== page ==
The point is winter sucks when most of your enjoyment comes from being outside. Not always from being outside on its own, but from being outside AND, as in being outside and biking, or being outside and reading, or being outside and simply exploring the surroundings. That’s pretty tough to do when the mercury reads “you’re an idiot to be out here!”
There are plenty of reasons to complain when it’s cold — constant goosebumps and shivers being the least of them — so I’m really not trying to add to the complainers’ chorus. I’m just trying to talk up the benefits of being outdoors, of hearing sounds that aren’t human-made, of discovering scenes off the beaten path, of learning and observing and watching the seasons change.
Let’s just hope this dreary season of minimal outdoor enjoyment changes soon to a spring of flowers and sunnier days and warmth.
Until then, I’ll be on the hunt for a new indoor hobby … Jigsaw puzzles, anyone?
There’s never enough of it. It keeps ticking away. It’s on our phones since hardly any of us have watches. Scheduling it and using it wisely can be a battle. And as the saying goes, it’s money.
Time to eat. Time to think. “It’s about time.” Not enough time. The gift of time. Time, time, time.
At this phase of our lives, time – even entire years – seems to pass so much more quickly than it did when we were younger. Especially when it comes to weekends, time now truly feels like it’s worth the high premium our society places on it.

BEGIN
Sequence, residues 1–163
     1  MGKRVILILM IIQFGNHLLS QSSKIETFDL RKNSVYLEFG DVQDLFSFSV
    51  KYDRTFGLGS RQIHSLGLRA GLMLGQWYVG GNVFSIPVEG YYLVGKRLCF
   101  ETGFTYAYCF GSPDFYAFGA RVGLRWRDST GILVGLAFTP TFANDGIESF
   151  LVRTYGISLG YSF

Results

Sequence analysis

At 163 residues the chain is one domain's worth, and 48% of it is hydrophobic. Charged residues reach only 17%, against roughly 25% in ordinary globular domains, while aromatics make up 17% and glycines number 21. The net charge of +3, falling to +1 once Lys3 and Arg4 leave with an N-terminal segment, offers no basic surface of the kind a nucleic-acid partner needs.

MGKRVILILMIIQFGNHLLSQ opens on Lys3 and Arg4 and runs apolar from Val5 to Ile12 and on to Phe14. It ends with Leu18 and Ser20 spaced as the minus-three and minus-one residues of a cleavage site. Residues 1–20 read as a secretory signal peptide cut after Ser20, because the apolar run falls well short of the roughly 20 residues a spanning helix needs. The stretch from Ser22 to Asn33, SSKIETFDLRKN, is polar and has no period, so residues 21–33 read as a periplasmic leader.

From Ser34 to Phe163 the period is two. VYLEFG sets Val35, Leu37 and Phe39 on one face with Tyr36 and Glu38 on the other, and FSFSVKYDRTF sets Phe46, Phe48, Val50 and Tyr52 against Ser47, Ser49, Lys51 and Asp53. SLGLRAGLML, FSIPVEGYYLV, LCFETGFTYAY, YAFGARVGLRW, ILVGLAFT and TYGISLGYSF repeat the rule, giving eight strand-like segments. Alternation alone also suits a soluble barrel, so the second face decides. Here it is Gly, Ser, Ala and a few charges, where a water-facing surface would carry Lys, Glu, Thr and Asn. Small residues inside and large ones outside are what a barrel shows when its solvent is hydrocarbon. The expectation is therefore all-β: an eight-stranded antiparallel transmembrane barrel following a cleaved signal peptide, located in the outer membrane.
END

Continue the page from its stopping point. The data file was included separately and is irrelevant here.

Time passes faster now than it did in when we were in high school, when class periods all ended at odd times that had us eagerly anticipating moments like 9:32 a.m., 12:17 p.m. or, better yet, 2:50 p.m. And it passes faster now than it did during high school summers, when many of us were working lame jobs that often left us bored out of or minds. Time flies by faster than it did in college when an extra break always could be found for an hour of Frisbee on the Quad or a free cookout at the football field or a long walk to the dorm that had the Mexican food special.
Time seems to pass faster all the time, especially as we advance toward 30 and continue coming to terms with our own inevitable adulthood. And we’re beginning to actually heed the warnings from 30-somethings and older coworkers and parents that as our lives go on, time will just keep passing faster and faster and faster. And that’s intimidating.
So what are we to do about it, this conundrum of the ever-speeding passing of time?